The stories are certainly varied about the death of Freddie Sweetan at age 36: His barbecue exploded; He was shot; He fell asleep with his cigar still lit; His charcoal grill fell over. The fact is that he died alone that summer day back in 1974 at his little shack in the woods in New Brunswick, and no one will ever know the exact details of his demise.
Thirty years later, the memories of his fellow wrestlers may be a little clouded in regards to Sweetan’s death on July 26, 1974, but his impact on their lives comes back very easily.
“You couldn’t ask for a nicer person, that’s the gospel truth,” said Eric Pomeroy, who first met Sweetan in Kansas City. “He was a hard worker, good performer in the ring, really a nice person. I couldn’t say anything bad or detrimental towards him. He was down-to-earth. His word was his bond.”
“Freddie, as far as I’m concerned, was a real, real man,” said “The Beast” Yvon Cormier. “He was a big, tough wrestler, but he was the type of guy that wouldn’t lie or wouldn’t take advantage of anybody else. That’s the type of guy he was.”
Freddie Prosser was from Shenstone, in Albert County, New Brunswick. He was a big kid — 6’2″, 260 pounds — who could handle himself if needed.
“He was a raw-boned kid. He was really rough looking,” said “Stompin'” Paul Peller, who would team with Prosser under masks in Stampede as The Butchers in 1968. (Sweetan was Butcher No. 1, Peller No. 2.)
Peller had met Prosser in New Brunswick, however. He had started his own wrestling career in 1961, and sought out Emile Dupre to school his new friend, Sweetan.
“I’m the guy who started him out,” Dupre recalled. “He lived quite close to Shediac. He lived in Hillsborough, which is about 40 miles away. Paul Peller introduced me to him and told me that he was interested in breaking into the business. We had a gym set and we started working out.”
Prosser’s first big break was under a mask in the winter in Calgary, teamed with Peller. “I thought we had made the right combination,” said Peller, who considers their championship run in Stampede the pinnacle of his career. “They gave us a chance and we proved it. By proving it, we started drawing big. We sold out four weeks in a row in Calgary and Edmonton. We had matches against the football player Bob Luce and Emile Dupre. We were drawing big.”
After Calgary, Prosser followed the lead of other Maritimers like Peller, Dupre and Leo Burke, and returned home for the beautiful summer circuit that frequented the small towns and cities. “He’s from the Maritimes and loved the Maritimes,” said The Beast. “He came every summer. He was a good performer, he did a good job,” remembered Dupre.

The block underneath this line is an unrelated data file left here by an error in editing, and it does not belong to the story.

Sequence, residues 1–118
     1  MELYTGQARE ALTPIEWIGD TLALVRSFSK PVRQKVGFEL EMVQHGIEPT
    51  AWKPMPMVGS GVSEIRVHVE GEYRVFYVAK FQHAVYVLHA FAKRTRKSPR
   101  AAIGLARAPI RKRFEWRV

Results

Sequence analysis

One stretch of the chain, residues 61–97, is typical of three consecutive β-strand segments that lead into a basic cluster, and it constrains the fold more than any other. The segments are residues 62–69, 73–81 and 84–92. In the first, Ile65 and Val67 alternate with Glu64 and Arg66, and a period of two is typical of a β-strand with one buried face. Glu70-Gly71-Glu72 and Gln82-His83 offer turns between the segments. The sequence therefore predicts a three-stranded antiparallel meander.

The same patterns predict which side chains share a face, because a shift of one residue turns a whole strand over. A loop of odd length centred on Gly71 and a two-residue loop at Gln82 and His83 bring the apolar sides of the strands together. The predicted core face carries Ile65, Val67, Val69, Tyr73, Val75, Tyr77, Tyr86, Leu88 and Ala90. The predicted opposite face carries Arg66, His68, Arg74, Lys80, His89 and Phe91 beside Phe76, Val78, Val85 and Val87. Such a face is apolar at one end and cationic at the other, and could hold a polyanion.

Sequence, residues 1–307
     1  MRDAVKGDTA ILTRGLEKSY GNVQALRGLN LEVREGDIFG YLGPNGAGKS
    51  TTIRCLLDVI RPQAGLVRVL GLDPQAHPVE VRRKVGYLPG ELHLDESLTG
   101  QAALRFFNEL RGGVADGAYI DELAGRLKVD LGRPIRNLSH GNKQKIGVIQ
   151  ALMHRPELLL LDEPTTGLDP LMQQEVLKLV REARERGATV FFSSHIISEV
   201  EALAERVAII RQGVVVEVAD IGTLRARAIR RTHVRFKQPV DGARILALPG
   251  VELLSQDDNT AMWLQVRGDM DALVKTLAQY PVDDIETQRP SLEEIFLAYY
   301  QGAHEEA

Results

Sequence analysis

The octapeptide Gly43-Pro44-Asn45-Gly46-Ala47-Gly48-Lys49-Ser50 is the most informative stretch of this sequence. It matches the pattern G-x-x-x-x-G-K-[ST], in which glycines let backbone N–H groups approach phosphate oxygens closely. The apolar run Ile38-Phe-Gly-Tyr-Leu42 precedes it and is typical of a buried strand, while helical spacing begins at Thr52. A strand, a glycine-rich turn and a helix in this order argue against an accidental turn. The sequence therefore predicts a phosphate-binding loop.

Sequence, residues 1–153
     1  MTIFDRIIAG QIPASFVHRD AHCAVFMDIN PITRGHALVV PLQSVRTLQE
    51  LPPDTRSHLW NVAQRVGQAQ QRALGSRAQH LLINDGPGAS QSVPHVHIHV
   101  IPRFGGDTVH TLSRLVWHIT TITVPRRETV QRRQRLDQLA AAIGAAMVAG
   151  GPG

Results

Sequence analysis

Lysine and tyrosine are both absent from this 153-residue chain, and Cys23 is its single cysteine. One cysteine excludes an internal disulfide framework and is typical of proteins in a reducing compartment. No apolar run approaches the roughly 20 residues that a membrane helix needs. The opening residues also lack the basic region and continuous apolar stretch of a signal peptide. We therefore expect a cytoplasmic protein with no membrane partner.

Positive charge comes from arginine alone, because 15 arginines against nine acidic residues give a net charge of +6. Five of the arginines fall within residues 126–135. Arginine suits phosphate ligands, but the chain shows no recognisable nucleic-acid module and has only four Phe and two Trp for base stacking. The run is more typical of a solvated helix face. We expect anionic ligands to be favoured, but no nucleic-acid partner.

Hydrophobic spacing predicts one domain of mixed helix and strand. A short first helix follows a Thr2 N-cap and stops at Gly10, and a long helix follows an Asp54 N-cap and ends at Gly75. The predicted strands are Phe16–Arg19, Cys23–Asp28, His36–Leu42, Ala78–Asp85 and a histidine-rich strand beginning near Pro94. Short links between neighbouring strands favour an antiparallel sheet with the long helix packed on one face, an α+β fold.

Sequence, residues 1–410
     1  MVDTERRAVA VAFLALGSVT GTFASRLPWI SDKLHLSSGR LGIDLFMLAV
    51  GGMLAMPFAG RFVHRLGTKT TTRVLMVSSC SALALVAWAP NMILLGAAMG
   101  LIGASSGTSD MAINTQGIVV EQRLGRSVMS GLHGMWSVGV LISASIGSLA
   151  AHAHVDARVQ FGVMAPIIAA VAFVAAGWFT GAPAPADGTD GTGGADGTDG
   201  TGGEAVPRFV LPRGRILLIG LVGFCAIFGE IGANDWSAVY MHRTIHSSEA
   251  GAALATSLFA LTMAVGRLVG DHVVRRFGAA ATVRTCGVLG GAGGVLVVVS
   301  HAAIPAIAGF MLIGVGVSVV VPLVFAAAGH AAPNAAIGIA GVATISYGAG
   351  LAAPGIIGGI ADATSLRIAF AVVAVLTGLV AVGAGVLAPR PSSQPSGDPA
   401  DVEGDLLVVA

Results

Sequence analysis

In 1969, Prosser was back in Calgary, but this time without the mask. Promoter Stu Hart decided to team him up with another rough, rugged brute of a wrestler — “Bruiser” Bob Sweetan — and make them brothers. With his new bleached blond hair, Prosser learned from the veteran Sweetan, who had been in Calgary off and on since 1965. They were a good, solid team, recalled Stampede promoter and photographer Bob Leonard. “Bob always had good heat here (had a long tag run with Gil Hayes), and Fred fitted right into things. Bob tended to be the bombastic loudmouth, Fred more the strong, quieter brute of the pair.”
Sweetan and Burke got Prosser hooked up into Kansas City, where he was Killer Cox, brother to K.O. Cox (Bob Sweetan). “He wrestled for us a long time down here. He was a hell of a performer too,” recalled Central States part-owner Bob Geigel.
But “Bruiser” Bob Sweetan and “Stomping” Paul Peller aren’t the only partners that Prosser gelled with over the years. He teamed with The Beast one winter in Texas, and in a few locations, he battled alongside Michel “Le Justice” Dubois. “Nobody was better, to me, than Michel ‘The Justice’ Dubois and Freddie Sweetan,” said Leo Burke.
Fan Donnie Mason recalled seeing Sweetan and Dubois faces the likes of Terry & Bobby Kay, George & Sandy Scott and Big Boy Brown & Klondike Bill around 1973 in Virginia. But a five-match run that Sweetan & Dubois had with the Royal Kangaroos really stands out for Mason. “It was the wildest and bloodiest series I EVER saw,” he said. “Everything was done to perfection, buildup, finishes, the whole nine yards. It was a true classic. The funny thing was this was a feud that only ran here in Lynchburg. There was no buildup from TV. It all started here as a Battle of the Bullies and it just took off here for a 5 match run that packed the Armory. To this day I still can not figure why the bookers never took the hint and built something for the whole territory. I know it would have done big money if they put on the shows they did here.”